And it’s cheap compared to even a week or two of a college course, less in fact than even a single meeting of the class. If you want resources to share with your friends to encourage them to buy a copy of Spotlight, here are a series of posts I wrote in 2009 about what the critics miss in both Twilight and Harry Potter and another this past year about the depth of Mrs. Meyer’s work (to include one on her as a Kate Chopin feminist).

Your comments and correction are coveted.


  1. Louise M. Freeman says

    Chiming in with some comments on our third favorite series here: I team-teach teach an Honors course with a professor from our philosophy/religion department. It is a three-hour seminar, so we take a brief break midway through the class. During the first few weeks I saw no fewer than three students carrying copies of Catching Fire with them and chatting about it during the break; by week three most of them had moved onto Mockingjay. Unfortunately I had to refrain from discussing it since I didn’t trust myself not to give away spoilers.

    Then, last week I was volunteering in my son’s 5th grade “gifted” classroom and spied a little girl reading Mockingjay. (She explained she “didn’t know it was a grown-up book) when she started it!)

    How many books are targeted by the brightest students at both the college and elementary level?

  2. Indeed, I often find my Harry, Twilight, and Hunger Games readers to be some of the sharpest students in my classes. When I teach Introduction to Literature course, I work to incorporate these texts into our studies to bring relevance and to validate my students as independent readers and thinkers. Just yesterday, as I was beginning to cover Point of View in a section for dual-enrolled high school seniors, I used Harry as an example of third-person limited perspective and the Twilight books to illustrate point of view switch (as in Breaking Dawn, Short Second Life of Bree Tanner, and Midnight Sun). In the course of the class, we also referenced Melville, Austen, and other “biggies” in addition to the authors of the stories we were studying (Faulkner and Porter).

    My students were also getting back their first essay, the vast majority of which were As (and the topics of which included Twilight, Hunger Games, and Lemony Snicket). These bright, promising young people love using the books they enjoy as well as the ones they view as “required reading,” and, in the process, seeing the line blur between those two categories.

    The sort of snobbery that elicits these negative reactions to the academic use of Twilight only further illustrates why so many students feel academia is irrelevant. Instead of complaining that they are paying for college to read Twilight (though Spotlight is a great route to go to really delve into the Saga without a test!), students are more likely to complain that classes are unconnected to real life, to the jobs they will do, and to the books people really read. Far more useful than trying to understand the obscure and approved literary darlings produced and loved in university lit departments is the practice of engaging with a variety of pieces of literature and understanding why we read what we read. While I would be the last person to argue for replacing the great books with our modern shared texts, I find that teaching them together is one of the most effective and engaging ways to help students learn skills both for the academy and for the larger world, while at the same time validating their reading experiences rather than denigrating them or implying that they are incapable of choosing a good read on their own.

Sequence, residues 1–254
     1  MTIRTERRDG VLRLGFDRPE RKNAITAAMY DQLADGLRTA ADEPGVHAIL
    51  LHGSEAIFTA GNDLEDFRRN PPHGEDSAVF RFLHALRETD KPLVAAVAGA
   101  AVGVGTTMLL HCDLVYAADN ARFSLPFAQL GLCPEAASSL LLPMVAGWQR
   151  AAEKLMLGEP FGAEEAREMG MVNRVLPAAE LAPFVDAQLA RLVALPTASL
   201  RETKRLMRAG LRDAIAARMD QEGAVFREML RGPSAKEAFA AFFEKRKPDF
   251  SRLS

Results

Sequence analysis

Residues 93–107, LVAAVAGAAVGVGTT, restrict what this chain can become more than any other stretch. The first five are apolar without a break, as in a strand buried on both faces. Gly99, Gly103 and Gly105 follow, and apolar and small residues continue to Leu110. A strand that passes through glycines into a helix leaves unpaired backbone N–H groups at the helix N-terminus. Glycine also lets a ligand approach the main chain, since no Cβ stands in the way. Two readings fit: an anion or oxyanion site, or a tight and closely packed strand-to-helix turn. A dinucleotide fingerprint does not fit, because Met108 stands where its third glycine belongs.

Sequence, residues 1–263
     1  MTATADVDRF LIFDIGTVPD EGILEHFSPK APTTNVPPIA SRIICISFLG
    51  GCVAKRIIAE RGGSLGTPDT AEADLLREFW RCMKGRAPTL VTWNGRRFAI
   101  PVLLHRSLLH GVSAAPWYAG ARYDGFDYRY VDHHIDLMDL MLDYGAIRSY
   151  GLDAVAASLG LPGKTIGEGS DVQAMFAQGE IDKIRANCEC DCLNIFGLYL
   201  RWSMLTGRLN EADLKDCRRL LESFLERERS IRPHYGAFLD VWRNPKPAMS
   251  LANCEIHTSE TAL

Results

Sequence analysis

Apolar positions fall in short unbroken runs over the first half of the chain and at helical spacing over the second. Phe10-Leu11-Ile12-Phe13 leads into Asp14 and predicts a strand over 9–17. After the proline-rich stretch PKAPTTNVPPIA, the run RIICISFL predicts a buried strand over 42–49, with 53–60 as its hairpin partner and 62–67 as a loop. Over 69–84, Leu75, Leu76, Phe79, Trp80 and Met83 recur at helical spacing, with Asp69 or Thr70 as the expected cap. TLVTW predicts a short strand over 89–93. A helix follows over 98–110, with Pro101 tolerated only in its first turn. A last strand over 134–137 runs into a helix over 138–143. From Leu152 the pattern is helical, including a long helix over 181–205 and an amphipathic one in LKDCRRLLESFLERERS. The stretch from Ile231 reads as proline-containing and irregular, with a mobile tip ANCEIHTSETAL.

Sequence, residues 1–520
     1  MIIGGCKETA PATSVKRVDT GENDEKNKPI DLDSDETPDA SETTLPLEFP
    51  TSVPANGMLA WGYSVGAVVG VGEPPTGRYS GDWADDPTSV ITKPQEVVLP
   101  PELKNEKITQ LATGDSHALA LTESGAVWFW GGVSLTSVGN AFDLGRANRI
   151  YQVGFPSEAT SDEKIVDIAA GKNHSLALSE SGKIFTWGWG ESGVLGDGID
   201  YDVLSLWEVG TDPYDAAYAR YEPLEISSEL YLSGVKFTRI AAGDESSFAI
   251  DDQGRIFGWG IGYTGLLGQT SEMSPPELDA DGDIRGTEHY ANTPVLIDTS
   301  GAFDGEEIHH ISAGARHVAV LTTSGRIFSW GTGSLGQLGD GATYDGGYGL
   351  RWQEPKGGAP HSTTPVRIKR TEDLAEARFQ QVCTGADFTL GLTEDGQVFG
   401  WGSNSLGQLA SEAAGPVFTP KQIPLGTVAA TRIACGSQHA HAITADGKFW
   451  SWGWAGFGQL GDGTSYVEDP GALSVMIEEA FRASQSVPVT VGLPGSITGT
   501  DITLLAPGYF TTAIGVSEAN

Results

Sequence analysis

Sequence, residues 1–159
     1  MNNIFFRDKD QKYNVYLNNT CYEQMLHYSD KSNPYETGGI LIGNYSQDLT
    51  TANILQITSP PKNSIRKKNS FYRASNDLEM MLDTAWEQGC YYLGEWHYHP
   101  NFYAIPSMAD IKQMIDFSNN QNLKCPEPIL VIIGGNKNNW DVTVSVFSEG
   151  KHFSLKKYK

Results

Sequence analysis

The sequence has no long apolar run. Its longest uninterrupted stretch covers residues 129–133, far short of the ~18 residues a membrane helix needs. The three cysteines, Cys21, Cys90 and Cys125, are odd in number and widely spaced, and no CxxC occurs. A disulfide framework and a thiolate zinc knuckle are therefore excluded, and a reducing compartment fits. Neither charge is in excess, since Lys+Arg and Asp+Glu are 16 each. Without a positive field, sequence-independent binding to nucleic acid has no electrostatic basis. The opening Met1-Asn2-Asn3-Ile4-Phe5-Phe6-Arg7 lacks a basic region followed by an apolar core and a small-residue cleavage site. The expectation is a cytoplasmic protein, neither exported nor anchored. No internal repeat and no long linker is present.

Just last week, I saw one of the most beautiful sights of my teaching career: a line of students sitting in the hall, all reading The Hunger Games. It is assigned in both my ENG 111 course and one of our Psychology classes, but these students were just so engaged with the book that they couldn’t put it down. Hooray!

  3. Lotzastitches says

    In many of the places I frequent Mrs. Meyer is dissed and, of course, the “masses who are too stupid to know any better” that read her books.
    I just read this C.S. Lewis essay below last night. Thought it tied in nicely with the critics that are crying that Meyer isn’t following the “rules”.

    From the essay entitled “Lilies That Fester” in the book _The World’s Last Night_ by C.S. Lewis

    Every boy or girl who is born is presented with the choice: “Read the poets whom we, the ‘cultured’, approve, and say the sort of things we say about them, or be a prole.” And this shows how Charientocracy can deal with the minority of pupils who have tastes of their own and are not pure Plasticine. They get low marks. You kick them off the educational ladder at a low rung and they disappear into the proletariat.

    Another advantage is that, besides providing poets with a conscript audience for the moment, you can make sure that the regnant literary dynasty will reign almost forever. For the deviationists whom you have kicked off the ladder will of course include all those troublesome types who, in earlier ages, were apt to start new schools and movements. If there had been a sound Charientocracy in their day, the young Chaucer, the young Donne, the young Wordsworth and Coleridge, could have been dealt with. And thus literary history, as we have known it in the past, may come to an end. Literary man, so long a wild animal, will have become a tame one.

  4. Catherine K. says

    Why not use Twilight to teach the rudiments of story and character structure?

    Because there are so many better books out there?

    100 million copies. I’m flashing back to ‘The Merchant of Venice.’ Gold casket. “Who chooseth me shall gain what many men desire.”

    I won’t deny she’s hit on something that’s big with the current cultural zeitgeist. But I really don’t think that Twilight is misunderstood genius. As far as I can tell, it’s shallow and dumb and promotes an awful message to young girls, and I’m pretty sure that any artistry or meaning or connection to greater literary tradition is entirely unconscious on Meyer’s part, who prefers her connection to literary tradition to be outright stated (thus degrading actual works of genius such as ‘Wuthering Heights’ or ‘Pride and Prejudice.’)

    Yes, bashing Twilight is nowadays very common, a super-easy target, even I’m tired of it. But, sir, the scorn for Twilight far transcends that ever aimed at Harry Potter or His Dark Materials. I think the scorners have a point.